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Economic uncertainty voted greatest threat to European real estate in 2017

An unpredictable economic climate as a result of the U.K.'s decision to leave the European Union and political turbulence elsewhere in Europe poses the greatest challenge to the continent's real estate market in the coming year, a survey has found.

The Loan Market Association carried out the research, which showed that 36% of its members thought "macroeconomic uncertainty e.g. Brexit" would have the biggest impact on European real estate in the coming 12 months.

A "shortage of suitable assets" also was seen as a major challenge in 2017, with 27.7% of respondents choosing it over "too much competition creating an overheated market" (24%), "international political crises and sanctions" (8.3%), and "costs of regulatory compliance" (4%).

Concern among markets and industry over the U.K.'s imminent secession from the European Union — also known as "Brexit" — has remained high since the June referendum decision, due to a lack of clarity on the exact terms of the separation. A two-year negotiation period is set to begin by the end of March once U.K. Prime Minister Theresa May delivers on her promise to trigger what is known as Article 50 — the clause in the Lisbon Treaty detailing how a member state may voluntarily leave the European Union.

Uncertainty also surrounds upcoming elections in the key European markets of Germany, France and the Netherlands, with far-right populist parties expected to make significant gains in each. These polls follow on from the Italian electorate's decision in a referendum Dec. 4 to vote against a change to the Italian constitution, which led to the resignation of Matteo Renzi as prime minister. The next Italian prime minister will be the country's fifth in less than six years.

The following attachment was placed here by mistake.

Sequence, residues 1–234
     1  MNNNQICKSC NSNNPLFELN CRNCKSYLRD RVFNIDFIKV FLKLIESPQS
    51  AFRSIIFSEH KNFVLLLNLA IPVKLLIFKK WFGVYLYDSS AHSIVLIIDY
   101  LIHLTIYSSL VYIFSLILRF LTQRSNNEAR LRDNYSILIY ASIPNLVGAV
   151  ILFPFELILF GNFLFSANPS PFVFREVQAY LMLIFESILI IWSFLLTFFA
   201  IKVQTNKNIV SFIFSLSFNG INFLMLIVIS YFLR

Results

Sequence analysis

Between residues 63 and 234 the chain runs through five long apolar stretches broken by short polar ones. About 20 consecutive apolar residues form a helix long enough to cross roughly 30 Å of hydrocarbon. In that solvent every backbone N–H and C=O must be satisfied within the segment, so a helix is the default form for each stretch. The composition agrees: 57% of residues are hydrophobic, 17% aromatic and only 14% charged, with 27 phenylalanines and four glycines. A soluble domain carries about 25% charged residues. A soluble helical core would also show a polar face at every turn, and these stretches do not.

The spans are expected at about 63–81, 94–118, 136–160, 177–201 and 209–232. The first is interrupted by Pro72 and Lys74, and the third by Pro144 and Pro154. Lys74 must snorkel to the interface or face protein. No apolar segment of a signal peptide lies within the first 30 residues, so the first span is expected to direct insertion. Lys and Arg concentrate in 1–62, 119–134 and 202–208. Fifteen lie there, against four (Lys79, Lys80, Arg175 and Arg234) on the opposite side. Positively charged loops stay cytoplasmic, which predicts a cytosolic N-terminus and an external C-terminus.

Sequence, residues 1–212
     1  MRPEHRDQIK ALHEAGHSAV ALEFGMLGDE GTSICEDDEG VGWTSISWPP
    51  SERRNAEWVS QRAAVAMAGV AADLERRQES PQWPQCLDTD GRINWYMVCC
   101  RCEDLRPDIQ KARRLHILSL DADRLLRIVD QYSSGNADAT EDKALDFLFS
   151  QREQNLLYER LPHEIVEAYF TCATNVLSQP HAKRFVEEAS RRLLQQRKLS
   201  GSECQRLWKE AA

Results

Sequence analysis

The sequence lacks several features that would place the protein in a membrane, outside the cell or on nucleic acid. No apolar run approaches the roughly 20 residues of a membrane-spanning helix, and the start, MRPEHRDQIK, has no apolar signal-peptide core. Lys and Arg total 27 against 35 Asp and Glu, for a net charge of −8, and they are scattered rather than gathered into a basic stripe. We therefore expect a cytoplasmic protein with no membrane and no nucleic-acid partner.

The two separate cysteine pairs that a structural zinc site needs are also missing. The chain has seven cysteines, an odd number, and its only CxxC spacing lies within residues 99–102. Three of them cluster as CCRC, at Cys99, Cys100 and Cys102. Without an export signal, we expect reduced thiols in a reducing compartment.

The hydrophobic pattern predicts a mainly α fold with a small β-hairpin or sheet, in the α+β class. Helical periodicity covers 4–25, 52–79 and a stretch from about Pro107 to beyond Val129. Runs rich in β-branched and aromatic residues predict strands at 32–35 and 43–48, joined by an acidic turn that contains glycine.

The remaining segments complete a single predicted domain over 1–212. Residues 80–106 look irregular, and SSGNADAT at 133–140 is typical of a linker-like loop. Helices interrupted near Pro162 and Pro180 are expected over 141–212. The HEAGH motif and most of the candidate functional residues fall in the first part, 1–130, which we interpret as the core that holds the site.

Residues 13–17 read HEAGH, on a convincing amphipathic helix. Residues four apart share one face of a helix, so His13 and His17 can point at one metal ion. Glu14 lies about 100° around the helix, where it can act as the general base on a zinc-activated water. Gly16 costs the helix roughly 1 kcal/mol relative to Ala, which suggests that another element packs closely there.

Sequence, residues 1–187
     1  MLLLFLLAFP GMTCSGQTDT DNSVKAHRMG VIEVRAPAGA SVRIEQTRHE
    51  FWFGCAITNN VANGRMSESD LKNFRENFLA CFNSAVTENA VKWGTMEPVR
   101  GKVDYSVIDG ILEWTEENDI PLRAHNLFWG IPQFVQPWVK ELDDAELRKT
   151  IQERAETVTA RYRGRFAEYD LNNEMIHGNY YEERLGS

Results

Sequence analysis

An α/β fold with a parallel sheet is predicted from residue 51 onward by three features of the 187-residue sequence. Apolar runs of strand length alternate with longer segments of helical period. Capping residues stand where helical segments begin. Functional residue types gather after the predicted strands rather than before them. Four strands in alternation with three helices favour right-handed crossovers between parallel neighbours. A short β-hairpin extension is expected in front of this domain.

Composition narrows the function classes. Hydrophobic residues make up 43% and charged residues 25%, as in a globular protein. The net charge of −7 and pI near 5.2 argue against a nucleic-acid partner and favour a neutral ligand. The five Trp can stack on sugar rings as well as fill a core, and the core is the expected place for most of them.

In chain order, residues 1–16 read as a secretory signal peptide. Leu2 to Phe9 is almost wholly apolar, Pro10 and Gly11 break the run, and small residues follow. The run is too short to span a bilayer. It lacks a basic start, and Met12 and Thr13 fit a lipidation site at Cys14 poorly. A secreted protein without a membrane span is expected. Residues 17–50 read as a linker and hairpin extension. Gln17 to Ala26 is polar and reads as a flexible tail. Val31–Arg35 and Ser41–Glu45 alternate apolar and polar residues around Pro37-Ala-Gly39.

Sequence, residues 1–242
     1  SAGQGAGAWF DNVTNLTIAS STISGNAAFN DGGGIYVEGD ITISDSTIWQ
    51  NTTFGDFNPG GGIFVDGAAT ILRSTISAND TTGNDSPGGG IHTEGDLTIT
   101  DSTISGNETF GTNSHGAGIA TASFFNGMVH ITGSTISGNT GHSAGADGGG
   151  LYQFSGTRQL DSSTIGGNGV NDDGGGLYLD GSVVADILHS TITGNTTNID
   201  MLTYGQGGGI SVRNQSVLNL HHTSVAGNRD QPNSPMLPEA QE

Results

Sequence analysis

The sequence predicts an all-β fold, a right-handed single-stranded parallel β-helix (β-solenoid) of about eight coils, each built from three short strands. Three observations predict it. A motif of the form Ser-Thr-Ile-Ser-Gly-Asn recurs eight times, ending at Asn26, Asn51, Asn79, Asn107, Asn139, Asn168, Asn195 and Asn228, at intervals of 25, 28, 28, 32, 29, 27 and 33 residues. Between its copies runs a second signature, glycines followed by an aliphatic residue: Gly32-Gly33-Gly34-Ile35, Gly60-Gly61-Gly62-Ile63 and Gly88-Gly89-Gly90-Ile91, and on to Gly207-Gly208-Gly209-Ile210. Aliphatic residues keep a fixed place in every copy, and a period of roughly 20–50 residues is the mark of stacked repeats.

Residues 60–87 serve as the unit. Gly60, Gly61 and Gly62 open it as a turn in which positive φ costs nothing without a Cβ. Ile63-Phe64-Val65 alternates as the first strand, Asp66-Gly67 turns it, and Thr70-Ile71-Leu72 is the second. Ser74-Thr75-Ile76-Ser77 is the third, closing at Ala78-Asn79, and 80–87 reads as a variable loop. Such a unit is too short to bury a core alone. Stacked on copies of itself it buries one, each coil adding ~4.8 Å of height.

The LMA survey also found that "prime property in capital cities held with a long-term view" presented the best opportunity for growth among commercial real estate assets, according to 31.6% of respondents.

"Given the number of macroeconomic uncertainties on the horizon, it is no surprise that prime property, often in perceived 'safe haven' cities, is seen as that with the greatest potential for growth," the LMA said in its presentation of the results.

"Alternative sectors such as student housing, healthcare and retirement homes with strong rental prospects" were also seen as promising, attracting 28.3% of the respondents' votes. The remainder was shared by "property in Southern European/Central and Eastern European countries with improved economic prospects" (11.8%), "assets in regional cities outside the prime centres" (11%), "development finance, particularly for sustainable assets and pre-let developments" (11%), and "secondary assets" (6.3%).

The LMA survey was carried out in November, assessing members' outlook for the syndicated loan market over the next 12 months. The association's membership consists of 630 organizations covering in excess of 60 nationalities, comprising commercial and investment banks, institutional investors, law firms, service providers and rating agencies, according to its website.